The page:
It’s hard to believe it but this is Catherine and mine’s 5th Christmas at the branch. The branch today couldn’t be any different than it was 5 years ago; not only are we bigger and better than ever before but this is the busiest Christmas we have ever known.

Traditionally, at this time of year, everything grinds down to a slow pulse and gives us the chance to breathe, catch up and take it a bit easier after a hectic year, but this time round there has been no such let up. After the busiest summer I have ever known, a relentless Autumn followed and now we are facing the nationwide sadness that so many people are facing such an unhappy Christmas due to prevailing economic hardship. It’s been all over the local news this week that more charity food banks have opened up in response to need. Of course the  more people who are struggling to even feed themselves it becomes inevitable that pets become a luxury that less and less can afford. Ultimately animals are abandoned, because all the shelters are full, but the methods and means vary so much that sometimes my compassion wanes whilst at other times it couldn’t be stronger. This week has seen no shortage of animals being admitted to the branch due to the financial hardships people have been facing. So, here are some of the new charges:

Peggy and Polly arrived very underweight with a severe worm burden. A result of an accidental breeding and an owner desperate for help. No wonder given that they were 2 of a litter of 8. I later heard that the inspector  later went back with neutering vouchers, food and money (the latter paid for by the inspector). The girls are in kennels because we have no foster homes and they are available for adoption now.

Another litter as a result of an accidental breed and the owner becoming overrun with animals. These poor little mites were absolutely crawling with fleas, but are now safe in a foster home for Christmas and in the New Year will be available for adoption.
Cinnamon, Clove and Nutmeg were squeezed into a small carrier and abandoned under a clothing rail in one of our shops this week. I was reeling with shock when they were discovered but then a phone call was placed, to another of our shops, from the owner. She was a in a heightened state of distress and wanted to make sure we had found them; she admitted being desperate and having to resort to desperate measures. Thankfully we had one cattery pen free.
Flower is one of 4 rabbits admitted this week, all of whom have been found ‘stray’ at separate times across the North West. We are now up to 25 rabbits and significantly over capacity and can’t admit anymore despite requests to take an additional 5 this week – we need a rabbit miracle, again!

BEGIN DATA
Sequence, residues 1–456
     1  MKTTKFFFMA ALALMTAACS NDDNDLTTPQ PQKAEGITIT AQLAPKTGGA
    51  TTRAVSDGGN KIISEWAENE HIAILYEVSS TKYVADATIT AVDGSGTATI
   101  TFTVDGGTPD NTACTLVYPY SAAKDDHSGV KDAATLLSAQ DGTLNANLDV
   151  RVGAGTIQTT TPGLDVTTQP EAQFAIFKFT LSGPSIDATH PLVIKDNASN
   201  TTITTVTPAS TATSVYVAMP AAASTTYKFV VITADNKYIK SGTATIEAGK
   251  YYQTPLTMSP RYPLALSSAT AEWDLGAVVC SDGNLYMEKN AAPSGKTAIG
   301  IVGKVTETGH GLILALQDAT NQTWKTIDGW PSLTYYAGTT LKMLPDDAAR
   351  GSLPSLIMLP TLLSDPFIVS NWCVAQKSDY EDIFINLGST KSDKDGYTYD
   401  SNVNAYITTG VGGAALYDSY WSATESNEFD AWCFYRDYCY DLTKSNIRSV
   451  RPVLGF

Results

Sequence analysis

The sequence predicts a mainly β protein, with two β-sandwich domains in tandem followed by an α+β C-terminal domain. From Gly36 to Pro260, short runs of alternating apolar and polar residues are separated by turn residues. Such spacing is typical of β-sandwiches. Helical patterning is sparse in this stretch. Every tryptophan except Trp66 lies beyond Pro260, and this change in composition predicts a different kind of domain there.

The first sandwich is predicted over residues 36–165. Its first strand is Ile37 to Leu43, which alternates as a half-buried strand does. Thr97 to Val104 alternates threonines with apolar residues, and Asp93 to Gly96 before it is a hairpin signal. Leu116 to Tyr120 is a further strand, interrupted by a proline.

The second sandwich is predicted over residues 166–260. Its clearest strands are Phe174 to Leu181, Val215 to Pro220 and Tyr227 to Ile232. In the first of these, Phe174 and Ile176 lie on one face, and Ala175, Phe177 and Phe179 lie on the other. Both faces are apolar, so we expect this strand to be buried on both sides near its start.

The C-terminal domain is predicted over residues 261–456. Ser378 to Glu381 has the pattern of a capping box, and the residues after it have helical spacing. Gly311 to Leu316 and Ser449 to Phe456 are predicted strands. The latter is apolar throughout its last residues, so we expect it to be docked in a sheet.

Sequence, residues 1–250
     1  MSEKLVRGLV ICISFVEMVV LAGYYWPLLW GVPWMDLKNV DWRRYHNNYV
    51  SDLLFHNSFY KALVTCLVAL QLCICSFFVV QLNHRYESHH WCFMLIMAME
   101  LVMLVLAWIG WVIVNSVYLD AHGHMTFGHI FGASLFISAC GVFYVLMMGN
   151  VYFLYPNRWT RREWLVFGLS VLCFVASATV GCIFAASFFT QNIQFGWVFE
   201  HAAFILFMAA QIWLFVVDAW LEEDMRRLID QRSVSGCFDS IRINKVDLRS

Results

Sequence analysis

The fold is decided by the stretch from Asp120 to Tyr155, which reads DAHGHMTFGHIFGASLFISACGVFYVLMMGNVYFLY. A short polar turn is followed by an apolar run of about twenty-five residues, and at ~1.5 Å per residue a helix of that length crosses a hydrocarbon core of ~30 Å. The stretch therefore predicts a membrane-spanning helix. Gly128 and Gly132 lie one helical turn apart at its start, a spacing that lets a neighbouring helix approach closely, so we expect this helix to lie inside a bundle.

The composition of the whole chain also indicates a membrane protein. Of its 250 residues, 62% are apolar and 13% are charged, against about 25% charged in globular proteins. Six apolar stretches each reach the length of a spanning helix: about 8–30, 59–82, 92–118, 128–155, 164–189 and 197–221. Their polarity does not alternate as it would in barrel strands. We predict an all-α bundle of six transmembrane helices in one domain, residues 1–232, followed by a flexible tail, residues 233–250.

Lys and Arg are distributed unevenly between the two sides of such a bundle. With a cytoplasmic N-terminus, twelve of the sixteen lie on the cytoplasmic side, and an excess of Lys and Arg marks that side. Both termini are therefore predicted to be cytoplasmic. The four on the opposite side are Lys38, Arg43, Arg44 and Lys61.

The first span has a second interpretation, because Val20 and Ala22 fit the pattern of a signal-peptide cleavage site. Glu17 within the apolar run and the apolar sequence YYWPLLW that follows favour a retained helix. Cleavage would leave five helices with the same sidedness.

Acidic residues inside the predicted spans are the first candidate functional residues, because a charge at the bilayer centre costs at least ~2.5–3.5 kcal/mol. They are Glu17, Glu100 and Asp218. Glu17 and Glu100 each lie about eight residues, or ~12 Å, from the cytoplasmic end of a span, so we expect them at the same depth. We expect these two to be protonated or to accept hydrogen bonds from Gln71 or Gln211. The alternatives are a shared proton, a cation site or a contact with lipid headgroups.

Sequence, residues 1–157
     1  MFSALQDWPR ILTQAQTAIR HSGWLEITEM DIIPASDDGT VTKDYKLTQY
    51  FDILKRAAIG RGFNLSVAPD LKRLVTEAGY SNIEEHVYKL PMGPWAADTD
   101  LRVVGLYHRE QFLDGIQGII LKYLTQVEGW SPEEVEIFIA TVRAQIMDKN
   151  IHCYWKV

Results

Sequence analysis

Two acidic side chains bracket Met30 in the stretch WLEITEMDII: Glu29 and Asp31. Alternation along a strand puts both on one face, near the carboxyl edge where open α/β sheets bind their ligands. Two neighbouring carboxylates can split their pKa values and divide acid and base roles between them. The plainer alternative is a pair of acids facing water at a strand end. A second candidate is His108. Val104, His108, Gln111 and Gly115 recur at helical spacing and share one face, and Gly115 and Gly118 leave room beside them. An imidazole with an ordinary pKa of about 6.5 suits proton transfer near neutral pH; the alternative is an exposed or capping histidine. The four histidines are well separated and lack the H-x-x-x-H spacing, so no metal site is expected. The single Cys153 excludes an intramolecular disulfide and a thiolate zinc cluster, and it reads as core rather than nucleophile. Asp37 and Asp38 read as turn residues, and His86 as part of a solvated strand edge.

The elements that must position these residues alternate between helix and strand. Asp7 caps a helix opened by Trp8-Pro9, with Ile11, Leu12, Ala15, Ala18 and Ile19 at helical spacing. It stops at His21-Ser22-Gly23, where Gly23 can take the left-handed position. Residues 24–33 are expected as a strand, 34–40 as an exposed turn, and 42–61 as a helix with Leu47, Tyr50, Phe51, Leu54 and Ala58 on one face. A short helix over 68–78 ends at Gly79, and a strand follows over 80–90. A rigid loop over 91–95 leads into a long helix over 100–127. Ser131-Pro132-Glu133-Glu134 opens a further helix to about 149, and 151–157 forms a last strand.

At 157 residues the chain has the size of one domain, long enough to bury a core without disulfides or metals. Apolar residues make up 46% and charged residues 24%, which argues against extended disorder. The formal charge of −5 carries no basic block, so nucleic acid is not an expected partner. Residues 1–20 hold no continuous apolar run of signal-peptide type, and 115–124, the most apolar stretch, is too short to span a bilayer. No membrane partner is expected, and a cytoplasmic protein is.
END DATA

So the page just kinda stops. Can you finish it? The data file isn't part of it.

We’ve also admitted another cat who was taken to a vets after being in a RTC but never claimed; I can’t help but think the owners just couldn’t afford the vet bills. Next week we see the arrival of this little lad, below. He was abandoned in a box and found on 14th Dec. He was very poorly, probably suffering from exposure to the extreme temperatures. He’s been recovering at the RSPCA vets and I’m hoping we can pick him up Xmas Eve and take him to his foster home.

Hopefully this little lad will be up for adoption in the New Year.

We’ve also had heartache this week over a dog who was abandoned by his owner but turned out to be a banned breed. Verification of his status by authorities meant that we had to comply with the law. As many of you know our branch opposes Breed Specific Law but it doesn’t mean we are above the law. As much as I wanted to do a blog with pictures of this awful waste of life I feared the repercussions were too great. Instead, I mark the horrid occasion by sharing the life of an animal that deserved better than to be judged by his breed.

But as much as there has been hard work and sadness this week we have seen kindness and generosity from people too. The puppies were the first to enjoy this giant parcel of goodies donated by a customer of the Urmston shop.


The gravy bones were the most popular with the pups but Blue loved the toy penguin and the the treats! But what Lady loved more than anything was cuddles after an epic rain soaked walk on Saturday that left us stranded in a flooded field, but we made it home in the end thanks to our dog walker Chris’ handy phone app and resilience. The rain was so bad that we actually couldn’t see where we were going!

Lady goes to her new home on 28th December and it couldn’t come fast enough for her.

And I mustn’t finish this bloody without sharing a Christmas miracle we had so longed for, the adoption of Jack and Carson our long stay black cats. Within 24 hours of being reserved the home visit was done and they were settling in to their new home. This has undoubtedly been the best news of December and we are so grateful to their adopters for giving these wonderful boys the home that they deserved. It is such a crime they were overlooked for so long but what it did mean is that we selfishly got to enjoy their company week in week out. The cattery already seems odd without them but we are so thrilled they have homes for Christmas.

I hope that you have all enjoyed following our work this year through the blog. Above all I hope you have received a good sense of how dedicated we all are to our work and the animals that come into our care. Whilst I would cheerfully like to be out of job I can’t see it happening any time soon, and I feel that 2013 will be just as chaotic, challenging and immense as 2012. I’m looking forward to doing it all over again with my very wonderful staff, volunteers and supporters by my side. Thank you everyone for being such a kind, caring, compassionate bunch of fabulous people. All I can say is thank goodness me and the animals have you in our lives. From all of us at RSPCA Manchester & Salford Branch we wish you a very peaceful and loving Christmas, whoever you are with and wherever you may be.